“When Chokwe Lumumba, Mayor of Jackson, Mississippi, passed away in February, he left behind a blueprint for combating poverty and promoting sustainability in America’s post-industrial cities.
In his brief tenure as the mayor of a red state capital, Lumumba projected a vision that drew on green futurism, urban resilience
planning, the co-op rich Mondragon region of Spain and the tradition of participatory democracy. Lumumba rooted his plan for Jackson in the same radical democratic analysis that guided his decades of activism. He was determined to build a city with clean water, community-owned renewable energy, racial justice, a transparent budgeting process and a wealth of green jobs.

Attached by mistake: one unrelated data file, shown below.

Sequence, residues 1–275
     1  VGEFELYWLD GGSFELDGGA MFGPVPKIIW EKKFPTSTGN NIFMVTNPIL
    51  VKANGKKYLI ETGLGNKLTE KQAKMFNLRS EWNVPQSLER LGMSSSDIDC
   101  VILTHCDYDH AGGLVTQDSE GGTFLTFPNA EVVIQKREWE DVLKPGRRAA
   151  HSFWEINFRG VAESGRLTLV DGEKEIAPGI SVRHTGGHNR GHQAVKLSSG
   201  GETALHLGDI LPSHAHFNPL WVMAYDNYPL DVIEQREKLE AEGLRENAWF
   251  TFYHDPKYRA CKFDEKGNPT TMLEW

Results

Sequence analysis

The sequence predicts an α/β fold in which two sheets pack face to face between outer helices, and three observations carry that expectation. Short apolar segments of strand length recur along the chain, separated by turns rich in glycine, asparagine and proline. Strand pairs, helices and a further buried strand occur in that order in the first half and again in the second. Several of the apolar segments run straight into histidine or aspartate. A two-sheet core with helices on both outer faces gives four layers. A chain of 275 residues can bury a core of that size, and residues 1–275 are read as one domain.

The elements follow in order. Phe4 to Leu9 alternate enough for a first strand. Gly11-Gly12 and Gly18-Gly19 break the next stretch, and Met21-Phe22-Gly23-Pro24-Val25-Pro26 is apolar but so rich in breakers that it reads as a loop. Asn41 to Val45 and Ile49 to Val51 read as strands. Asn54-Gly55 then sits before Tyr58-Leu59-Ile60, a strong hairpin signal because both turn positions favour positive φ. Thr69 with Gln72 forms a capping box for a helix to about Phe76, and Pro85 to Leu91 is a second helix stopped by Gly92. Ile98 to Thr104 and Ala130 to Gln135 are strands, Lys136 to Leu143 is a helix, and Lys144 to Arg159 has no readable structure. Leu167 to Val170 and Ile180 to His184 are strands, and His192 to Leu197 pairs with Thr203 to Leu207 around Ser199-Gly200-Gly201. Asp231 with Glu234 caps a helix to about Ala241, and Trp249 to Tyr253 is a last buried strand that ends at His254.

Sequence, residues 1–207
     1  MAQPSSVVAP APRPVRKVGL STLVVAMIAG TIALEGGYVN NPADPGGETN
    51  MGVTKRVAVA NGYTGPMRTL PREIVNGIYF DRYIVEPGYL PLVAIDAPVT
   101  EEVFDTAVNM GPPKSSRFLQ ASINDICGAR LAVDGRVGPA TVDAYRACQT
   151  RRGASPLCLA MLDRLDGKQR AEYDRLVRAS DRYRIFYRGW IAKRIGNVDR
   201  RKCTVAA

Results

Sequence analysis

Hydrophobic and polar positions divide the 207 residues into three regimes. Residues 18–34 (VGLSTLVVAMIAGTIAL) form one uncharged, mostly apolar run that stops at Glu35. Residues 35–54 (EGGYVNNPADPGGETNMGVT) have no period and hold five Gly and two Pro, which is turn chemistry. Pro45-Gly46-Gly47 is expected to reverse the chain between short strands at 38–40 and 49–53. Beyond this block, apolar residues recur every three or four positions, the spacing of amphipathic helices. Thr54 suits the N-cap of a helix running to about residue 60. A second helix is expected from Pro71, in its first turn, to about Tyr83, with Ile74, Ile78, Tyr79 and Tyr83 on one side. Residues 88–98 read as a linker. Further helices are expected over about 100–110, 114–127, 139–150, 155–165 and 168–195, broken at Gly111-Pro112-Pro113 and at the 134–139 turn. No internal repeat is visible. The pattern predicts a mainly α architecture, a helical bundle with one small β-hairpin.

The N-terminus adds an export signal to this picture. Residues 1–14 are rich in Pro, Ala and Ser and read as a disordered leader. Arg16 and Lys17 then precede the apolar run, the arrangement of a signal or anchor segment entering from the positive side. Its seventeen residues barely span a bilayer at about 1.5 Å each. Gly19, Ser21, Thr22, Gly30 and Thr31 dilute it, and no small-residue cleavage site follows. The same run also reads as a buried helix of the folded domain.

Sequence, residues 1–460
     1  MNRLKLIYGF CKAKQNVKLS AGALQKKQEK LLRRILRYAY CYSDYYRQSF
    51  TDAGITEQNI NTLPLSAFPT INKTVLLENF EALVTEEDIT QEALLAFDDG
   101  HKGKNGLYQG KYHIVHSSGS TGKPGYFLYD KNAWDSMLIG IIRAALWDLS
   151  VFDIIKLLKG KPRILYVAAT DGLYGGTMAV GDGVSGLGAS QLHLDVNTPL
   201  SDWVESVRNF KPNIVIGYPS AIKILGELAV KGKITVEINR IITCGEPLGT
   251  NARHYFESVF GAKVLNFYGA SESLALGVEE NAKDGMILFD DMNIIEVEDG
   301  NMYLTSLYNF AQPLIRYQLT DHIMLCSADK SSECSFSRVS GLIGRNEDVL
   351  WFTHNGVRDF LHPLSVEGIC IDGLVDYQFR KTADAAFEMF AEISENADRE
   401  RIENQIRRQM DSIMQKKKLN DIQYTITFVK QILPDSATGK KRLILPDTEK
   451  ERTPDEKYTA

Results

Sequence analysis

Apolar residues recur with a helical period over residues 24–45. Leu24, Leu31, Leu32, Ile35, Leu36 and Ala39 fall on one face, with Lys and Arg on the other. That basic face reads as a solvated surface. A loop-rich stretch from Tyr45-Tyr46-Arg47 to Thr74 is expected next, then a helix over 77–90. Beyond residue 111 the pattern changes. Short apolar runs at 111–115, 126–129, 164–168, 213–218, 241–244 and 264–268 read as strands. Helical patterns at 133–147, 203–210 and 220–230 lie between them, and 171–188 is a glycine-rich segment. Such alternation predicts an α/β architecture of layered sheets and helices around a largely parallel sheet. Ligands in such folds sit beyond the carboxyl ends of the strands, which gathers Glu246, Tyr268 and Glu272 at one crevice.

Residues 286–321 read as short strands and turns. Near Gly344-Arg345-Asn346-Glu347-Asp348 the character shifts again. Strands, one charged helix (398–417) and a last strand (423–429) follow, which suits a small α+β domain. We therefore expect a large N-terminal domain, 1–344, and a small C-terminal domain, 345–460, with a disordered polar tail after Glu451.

Lumumba’s vision, summarized in a document called Jackson Rising: Building the City of the Future Today , elevated unglamorous sectors with huge potential to impact the economic realities of the urban poor and working classes, like sewer infrastructure, energy efficiency and food. For Lumumba, economic growth was a process of creative experimentation in which rare corporate forms like worker cooperatives were combined with staid sectors like public works to create a political-economic reality that departed from the norm.
In Jackson Rising, Lumumba stated his commitments unequivocally, promising that his administration “would govern in accordance with human rights principles and standards… to create equity for all.” He cited a litany of ills underlying the urban condition, including, “decades of economic divestment, deindustrialization, suburban flight, a declining tax base, chronic under and unemployment, poorly performing schools, and an antiquated and decaying infrastructure.”